For 150 years, England and Scotland have been scrapping for the pride of their respective nations and, for 142 of those, to the victor went the Calcutta Cup. This fixture, the most historic of all in rugby, has seen it all: from Gavin Hastings’ painful missing of a sitter in the 1991 World Cup, to that frenetic, once-in-a-lifetime 38-38 draw at Twickenham in 2019. And something that this esteemed fixture has always possessed is a crowd; even in 1871, 4,000 spectators were in attendance to watch that 1-0 victory for Scotland at Edinburgh’s Raeburn Place. But in 2021, there will not even be four.
The behind-closed-doors element of this year’s Calcutta Cup pantomime has not robbed us of our dames, villains, and ugly step-sisters this week, however. Eddie Jones has provided Scotland with all the pre-match motivation they require, questioning whether they could “live up to the expectations” of beating their auld enemy. Gregor Townsend and Stuart Hogg, the Scotland captain and coach, have previously spoken about how this is always Scotland’s most important match of the season – for the players and the country as a whole. The fact that Scotland have not won on English soil since 1983 provides more kindling. Beware a wounded underdog.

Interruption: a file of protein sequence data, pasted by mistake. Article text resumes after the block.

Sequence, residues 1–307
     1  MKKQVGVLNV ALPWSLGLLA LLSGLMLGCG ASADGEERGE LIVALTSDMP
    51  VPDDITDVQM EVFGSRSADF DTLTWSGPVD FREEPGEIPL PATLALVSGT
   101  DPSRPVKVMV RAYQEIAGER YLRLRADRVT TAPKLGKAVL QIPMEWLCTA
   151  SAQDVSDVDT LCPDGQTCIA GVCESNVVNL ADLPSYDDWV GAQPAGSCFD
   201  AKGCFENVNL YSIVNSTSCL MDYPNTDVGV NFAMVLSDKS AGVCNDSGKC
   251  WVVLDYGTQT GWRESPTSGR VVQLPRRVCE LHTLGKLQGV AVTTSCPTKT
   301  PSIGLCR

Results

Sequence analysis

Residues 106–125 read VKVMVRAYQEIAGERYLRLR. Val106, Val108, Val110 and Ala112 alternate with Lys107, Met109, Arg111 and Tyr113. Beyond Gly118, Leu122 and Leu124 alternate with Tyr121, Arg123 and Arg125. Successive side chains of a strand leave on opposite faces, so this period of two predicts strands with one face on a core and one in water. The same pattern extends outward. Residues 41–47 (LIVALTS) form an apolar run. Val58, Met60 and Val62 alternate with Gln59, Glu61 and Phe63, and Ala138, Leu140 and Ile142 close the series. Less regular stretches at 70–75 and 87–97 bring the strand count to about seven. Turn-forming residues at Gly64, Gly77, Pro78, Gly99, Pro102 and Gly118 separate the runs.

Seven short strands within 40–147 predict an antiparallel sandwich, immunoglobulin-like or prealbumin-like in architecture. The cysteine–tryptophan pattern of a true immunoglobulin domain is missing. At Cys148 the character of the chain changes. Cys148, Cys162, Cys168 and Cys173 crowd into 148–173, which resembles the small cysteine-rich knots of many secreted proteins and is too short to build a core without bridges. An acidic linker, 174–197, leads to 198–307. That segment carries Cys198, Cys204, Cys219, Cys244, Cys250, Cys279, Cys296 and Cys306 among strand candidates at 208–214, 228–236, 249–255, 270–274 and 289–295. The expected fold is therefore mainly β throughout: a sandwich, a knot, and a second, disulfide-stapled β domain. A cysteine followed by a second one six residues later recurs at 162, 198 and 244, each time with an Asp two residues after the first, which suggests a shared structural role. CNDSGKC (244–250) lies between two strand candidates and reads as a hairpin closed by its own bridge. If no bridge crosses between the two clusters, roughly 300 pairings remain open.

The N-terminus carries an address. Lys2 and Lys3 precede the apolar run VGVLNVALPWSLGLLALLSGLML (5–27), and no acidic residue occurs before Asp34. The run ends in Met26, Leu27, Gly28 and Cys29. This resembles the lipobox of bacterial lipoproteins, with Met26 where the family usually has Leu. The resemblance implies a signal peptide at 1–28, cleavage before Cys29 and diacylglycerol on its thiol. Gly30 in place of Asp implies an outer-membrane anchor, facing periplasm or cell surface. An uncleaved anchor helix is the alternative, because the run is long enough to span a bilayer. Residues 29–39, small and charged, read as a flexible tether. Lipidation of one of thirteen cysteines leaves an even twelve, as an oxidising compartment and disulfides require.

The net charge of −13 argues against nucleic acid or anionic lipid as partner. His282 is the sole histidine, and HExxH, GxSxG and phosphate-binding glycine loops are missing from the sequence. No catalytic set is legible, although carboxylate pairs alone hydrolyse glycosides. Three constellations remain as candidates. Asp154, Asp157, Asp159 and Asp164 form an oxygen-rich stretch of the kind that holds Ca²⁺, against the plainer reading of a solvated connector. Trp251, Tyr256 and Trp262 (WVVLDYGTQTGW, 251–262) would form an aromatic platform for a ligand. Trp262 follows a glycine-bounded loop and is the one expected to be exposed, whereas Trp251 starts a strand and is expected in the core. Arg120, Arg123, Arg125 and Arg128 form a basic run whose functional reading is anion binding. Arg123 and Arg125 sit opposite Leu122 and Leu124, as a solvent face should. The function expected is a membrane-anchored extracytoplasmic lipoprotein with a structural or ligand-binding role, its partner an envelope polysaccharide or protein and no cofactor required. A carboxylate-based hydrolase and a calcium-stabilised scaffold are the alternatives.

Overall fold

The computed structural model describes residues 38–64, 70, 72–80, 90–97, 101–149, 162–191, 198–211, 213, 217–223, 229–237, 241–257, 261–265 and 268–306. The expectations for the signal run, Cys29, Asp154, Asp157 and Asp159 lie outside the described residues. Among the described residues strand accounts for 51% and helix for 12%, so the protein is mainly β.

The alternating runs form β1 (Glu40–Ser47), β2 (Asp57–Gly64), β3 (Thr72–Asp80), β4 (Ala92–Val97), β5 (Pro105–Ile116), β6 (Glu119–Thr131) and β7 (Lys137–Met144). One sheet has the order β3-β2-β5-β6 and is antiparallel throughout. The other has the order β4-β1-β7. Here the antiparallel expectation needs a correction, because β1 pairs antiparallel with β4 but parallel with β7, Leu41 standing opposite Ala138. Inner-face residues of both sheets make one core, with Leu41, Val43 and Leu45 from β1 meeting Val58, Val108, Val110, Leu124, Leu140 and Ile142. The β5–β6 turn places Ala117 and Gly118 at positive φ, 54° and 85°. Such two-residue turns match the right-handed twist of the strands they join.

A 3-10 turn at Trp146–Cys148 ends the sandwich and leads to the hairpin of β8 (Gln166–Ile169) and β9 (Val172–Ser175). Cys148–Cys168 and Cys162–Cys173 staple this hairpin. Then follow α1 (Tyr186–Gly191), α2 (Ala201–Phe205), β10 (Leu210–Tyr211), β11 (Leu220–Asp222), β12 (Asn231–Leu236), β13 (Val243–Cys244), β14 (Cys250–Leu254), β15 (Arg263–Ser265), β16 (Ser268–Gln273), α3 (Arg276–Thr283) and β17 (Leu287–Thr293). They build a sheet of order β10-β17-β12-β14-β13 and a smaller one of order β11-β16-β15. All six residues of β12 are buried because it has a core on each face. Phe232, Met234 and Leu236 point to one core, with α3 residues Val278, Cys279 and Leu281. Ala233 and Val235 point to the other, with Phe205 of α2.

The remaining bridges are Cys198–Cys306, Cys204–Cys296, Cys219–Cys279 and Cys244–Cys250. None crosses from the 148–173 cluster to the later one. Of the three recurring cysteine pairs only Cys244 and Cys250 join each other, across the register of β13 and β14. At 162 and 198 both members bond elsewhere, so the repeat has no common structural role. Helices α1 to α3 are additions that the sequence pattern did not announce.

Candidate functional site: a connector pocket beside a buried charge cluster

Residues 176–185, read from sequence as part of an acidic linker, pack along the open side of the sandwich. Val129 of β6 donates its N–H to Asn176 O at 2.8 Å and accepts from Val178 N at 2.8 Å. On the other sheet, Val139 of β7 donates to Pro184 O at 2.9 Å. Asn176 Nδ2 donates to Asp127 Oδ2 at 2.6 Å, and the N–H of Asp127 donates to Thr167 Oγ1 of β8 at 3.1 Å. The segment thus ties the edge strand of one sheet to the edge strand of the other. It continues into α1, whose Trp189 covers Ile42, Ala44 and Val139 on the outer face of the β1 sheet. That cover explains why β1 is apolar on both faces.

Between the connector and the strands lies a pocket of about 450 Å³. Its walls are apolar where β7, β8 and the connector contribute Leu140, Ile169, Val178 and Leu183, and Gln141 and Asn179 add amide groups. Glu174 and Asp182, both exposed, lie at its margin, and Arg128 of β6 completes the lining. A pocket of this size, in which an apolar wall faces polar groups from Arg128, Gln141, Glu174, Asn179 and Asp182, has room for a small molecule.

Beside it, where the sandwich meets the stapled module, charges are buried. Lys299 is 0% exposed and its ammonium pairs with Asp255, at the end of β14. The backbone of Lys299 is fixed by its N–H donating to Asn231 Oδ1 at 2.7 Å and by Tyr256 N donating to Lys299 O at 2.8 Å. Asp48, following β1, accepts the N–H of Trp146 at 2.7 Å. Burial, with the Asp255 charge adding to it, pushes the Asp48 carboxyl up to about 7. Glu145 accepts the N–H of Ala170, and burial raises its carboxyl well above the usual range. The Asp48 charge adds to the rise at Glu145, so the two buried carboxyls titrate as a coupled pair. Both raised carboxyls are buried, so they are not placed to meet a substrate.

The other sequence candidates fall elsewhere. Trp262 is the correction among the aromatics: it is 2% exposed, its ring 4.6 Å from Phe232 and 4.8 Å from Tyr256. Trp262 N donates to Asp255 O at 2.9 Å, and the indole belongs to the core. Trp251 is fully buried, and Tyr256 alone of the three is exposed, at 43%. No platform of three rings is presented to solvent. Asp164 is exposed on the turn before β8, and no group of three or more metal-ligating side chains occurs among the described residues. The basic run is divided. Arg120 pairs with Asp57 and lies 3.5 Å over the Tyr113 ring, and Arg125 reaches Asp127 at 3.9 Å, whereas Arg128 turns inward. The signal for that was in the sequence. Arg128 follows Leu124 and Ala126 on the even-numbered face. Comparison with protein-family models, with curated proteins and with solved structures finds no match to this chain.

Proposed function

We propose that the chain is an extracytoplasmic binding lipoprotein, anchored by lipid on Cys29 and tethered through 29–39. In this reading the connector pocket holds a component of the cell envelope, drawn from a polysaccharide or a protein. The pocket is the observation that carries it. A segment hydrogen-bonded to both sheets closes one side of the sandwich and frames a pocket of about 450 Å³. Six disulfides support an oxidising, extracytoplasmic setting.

But, with a third of the England team having not played since the Autumn Nations Cup victory against France, and with the criticism the team’s style of play received on the back of that victory, Jones’s side will be chomping at the bit to impress. They are searching for a fourth title in six seasons, the second Six Nations defence in the Eddie Jones era and, crucially, their first Grand Slam since 2016. There is also the small matter of the British and Irish Lions tour (Covid depending) on the horizon.
There has always been a sense that Scotland have been simmering under Gregor Townsend. While they might upset some of the odds and approach boiling point throughout this tournament, a victory today might be too great an ask.